Rt Hon Lord Lilley

    I recently sat through a meeting of our local Health Authorities, which lasted several hours, and was struck by an alarming omission. The one thing they did not discuss was the quality of health care!

    They discussed finance, management, organisation and so on. But not how many people were cured and how many patients were not satisfactorily treated.

    I fear I raised a few hackles when I said “I would be very worried if the board of a car firm failed to discuss how many cars it had produced, their quality and how many were returned faulty. People?s health is infinitely more important than cars. Should the Authority not always have on the agenda health outcomes and the quality of the care it is providing?.

    The recent disturbing news of a potential health scandal at Hemel hospital shockingly confirms the importance of putting the quality of care not just on the agenda, but at the top of it. A growing number of local women believe they have suffered from botched surgery which may have been performed by a consultant suffering from Parkinson?s disease.

    I have called for an independent inquiry so I will not pre-judge its findings.

    As I am writing this, I have received a reply from the West Herts Health Authority refusing to meet the Patients Action Group, Charles Elphicke and myself until the inquiry is complete, and leaving contacts to a subordinate official in the Trust. I this find incredible. So far 27 women are concerned. Their complaints are harrowing to say the least. Surely the top people in the Authority and the Trust should meet them before not after the inquiry.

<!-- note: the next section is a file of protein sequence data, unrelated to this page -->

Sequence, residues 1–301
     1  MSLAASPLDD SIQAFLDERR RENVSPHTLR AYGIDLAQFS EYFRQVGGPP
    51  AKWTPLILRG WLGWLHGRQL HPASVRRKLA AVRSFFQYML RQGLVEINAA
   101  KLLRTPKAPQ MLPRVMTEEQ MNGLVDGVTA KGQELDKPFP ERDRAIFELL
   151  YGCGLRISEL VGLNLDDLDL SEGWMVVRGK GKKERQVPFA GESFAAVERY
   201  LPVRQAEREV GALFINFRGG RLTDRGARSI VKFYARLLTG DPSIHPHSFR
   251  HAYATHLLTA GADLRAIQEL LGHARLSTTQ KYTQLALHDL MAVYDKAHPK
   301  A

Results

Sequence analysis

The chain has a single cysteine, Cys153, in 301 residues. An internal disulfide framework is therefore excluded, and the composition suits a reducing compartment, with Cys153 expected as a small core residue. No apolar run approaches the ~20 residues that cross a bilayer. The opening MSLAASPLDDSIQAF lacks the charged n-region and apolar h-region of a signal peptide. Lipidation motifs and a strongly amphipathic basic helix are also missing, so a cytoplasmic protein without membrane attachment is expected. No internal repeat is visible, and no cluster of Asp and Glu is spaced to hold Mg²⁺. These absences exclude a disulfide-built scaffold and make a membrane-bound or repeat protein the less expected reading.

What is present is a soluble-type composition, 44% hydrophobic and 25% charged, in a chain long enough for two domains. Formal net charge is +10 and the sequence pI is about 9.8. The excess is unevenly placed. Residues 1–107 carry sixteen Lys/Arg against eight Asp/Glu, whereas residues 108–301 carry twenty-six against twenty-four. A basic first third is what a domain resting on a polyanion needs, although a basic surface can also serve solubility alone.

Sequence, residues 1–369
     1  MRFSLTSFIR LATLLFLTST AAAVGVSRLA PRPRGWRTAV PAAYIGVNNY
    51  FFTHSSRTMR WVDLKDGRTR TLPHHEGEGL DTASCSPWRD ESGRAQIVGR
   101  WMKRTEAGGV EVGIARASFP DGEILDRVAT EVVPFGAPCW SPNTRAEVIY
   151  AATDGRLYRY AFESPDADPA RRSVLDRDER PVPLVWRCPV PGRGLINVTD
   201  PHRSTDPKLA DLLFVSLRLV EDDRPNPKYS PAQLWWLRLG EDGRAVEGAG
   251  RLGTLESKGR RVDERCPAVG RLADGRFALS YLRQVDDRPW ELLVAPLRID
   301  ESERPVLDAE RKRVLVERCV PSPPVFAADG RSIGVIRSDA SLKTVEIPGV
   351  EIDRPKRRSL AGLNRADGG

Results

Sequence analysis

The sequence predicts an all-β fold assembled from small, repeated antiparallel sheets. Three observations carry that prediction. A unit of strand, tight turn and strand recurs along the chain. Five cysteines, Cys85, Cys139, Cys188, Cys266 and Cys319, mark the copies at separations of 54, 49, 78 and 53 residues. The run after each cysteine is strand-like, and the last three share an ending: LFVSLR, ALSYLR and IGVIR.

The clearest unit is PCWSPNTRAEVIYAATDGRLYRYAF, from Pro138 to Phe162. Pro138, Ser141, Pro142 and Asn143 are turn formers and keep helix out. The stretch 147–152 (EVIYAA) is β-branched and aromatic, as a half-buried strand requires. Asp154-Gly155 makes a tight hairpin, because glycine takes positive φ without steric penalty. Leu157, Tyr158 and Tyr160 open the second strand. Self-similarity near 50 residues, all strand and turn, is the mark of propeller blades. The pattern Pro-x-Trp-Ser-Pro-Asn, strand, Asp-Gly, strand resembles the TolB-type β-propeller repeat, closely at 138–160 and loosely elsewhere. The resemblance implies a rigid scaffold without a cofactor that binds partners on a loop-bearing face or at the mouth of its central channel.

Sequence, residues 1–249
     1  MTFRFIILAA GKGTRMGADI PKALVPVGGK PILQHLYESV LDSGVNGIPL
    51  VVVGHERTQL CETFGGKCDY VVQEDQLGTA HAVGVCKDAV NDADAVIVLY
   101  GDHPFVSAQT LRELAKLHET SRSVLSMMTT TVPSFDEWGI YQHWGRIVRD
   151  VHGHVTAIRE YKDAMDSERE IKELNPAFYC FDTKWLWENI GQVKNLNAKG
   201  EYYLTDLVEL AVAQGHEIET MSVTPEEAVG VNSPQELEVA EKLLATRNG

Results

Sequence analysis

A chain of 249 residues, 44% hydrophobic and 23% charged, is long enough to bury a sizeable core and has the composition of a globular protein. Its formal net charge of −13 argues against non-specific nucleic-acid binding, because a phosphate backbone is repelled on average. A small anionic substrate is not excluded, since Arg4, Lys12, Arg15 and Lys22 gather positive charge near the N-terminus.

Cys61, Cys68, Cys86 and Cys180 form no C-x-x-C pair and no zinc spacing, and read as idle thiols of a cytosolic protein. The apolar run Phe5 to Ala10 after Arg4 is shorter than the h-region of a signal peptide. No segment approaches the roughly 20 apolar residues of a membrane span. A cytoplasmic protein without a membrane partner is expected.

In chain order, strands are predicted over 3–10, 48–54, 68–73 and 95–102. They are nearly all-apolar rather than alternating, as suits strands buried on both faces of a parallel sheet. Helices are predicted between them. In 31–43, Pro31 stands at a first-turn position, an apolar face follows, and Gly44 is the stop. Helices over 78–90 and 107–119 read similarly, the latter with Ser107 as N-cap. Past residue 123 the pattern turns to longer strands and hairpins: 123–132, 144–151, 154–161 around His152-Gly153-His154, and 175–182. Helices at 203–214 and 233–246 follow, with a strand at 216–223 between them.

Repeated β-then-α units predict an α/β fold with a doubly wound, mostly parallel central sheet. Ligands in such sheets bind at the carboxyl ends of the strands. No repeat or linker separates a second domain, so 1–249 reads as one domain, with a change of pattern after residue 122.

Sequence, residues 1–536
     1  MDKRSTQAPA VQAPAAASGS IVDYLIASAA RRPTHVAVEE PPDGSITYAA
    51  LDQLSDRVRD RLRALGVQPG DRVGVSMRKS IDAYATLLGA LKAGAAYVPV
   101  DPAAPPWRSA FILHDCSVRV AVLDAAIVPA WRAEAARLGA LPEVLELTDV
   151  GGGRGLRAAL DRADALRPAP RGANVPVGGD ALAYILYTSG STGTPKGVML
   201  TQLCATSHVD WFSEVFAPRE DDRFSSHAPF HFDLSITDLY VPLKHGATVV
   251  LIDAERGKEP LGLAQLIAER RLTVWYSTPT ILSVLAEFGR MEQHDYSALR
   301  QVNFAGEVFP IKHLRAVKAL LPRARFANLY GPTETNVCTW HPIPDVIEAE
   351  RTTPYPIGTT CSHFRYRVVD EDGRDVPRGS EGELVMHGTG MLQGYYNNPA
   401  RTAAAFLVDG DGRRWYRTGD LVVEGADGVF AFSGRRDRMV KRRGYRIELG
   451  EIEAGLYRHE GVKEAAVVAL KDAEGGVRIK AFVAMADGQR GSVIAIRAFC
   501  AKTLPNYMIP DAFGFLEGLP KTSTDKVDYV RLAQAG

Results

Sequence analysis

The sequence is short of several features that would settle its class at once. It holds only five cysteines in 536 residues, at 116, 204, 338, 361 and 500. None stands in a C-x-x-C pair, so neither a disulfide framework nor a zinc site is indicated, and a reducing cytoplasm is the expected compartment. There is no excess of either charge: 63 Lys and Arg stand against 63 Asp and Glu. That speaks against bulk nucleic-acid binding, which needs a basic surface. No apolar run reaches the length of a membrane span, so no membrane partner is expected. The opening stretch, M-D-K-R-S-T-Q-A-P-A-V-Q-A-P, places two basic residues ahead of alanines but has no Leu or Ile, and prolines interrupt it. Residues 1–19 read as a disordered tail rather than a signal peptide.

What is clear is that the experience of the women affected raises two very serious concerns.

    First, do we have locally (or nationally come to that) effective systems of clinical governance? Does the NHS properly and continually monitor the performance and outcomes of treatment by each consultant or team at each hospital?

    The best companies nowadays pursue zero-defect strategies. They constantly monitor services or products for defects ? not to assign blame but to discover ways of preventing any recurrence. Human health is more important than ballbearings so we need to develop a similar zero-defect strategy and culture in the NHS. At present nearly one bed in ten in the NHS is occupied by someone who got their infection in hospital. And a large but unknown number of patients are there because of other avoidable complications following treatment. This is wholly unacceptable. Moreover, most of it results from mismanagement, poor systems etc. not the “lack of resources? which is usually blamed for all NHS problems.

    The second and related concern is do our local health Authority and Trusts have adequate procedures for dealing with complaints. It seems that several women have made very serious complaints over quite a long period. But it was only when Charles Elphicke ? my prospective Conservative Parliamentary colleague from St Albans ? highlighted the issue that the Authority really responded. He deserves all credit for his tireless efforts.

    But patients are more important than us politicians. Every complaint should have been properly and speedily considered without our intervention.

    Even those complaints which turn out not to involve any medical negligence may suggest ways in which patients can be better cared for in future.

    What we need now is an inquiry into these issues. It must be independent and empowered to suggest improvements not just cast blame. We need to contact via their GPs all patients treated by the team concerned over the relevant period to ensure that they have been properly treated. We need a helpline for those who fear that they may have been affected. And we need speedy action to reassure people that this potential scandal could never recur.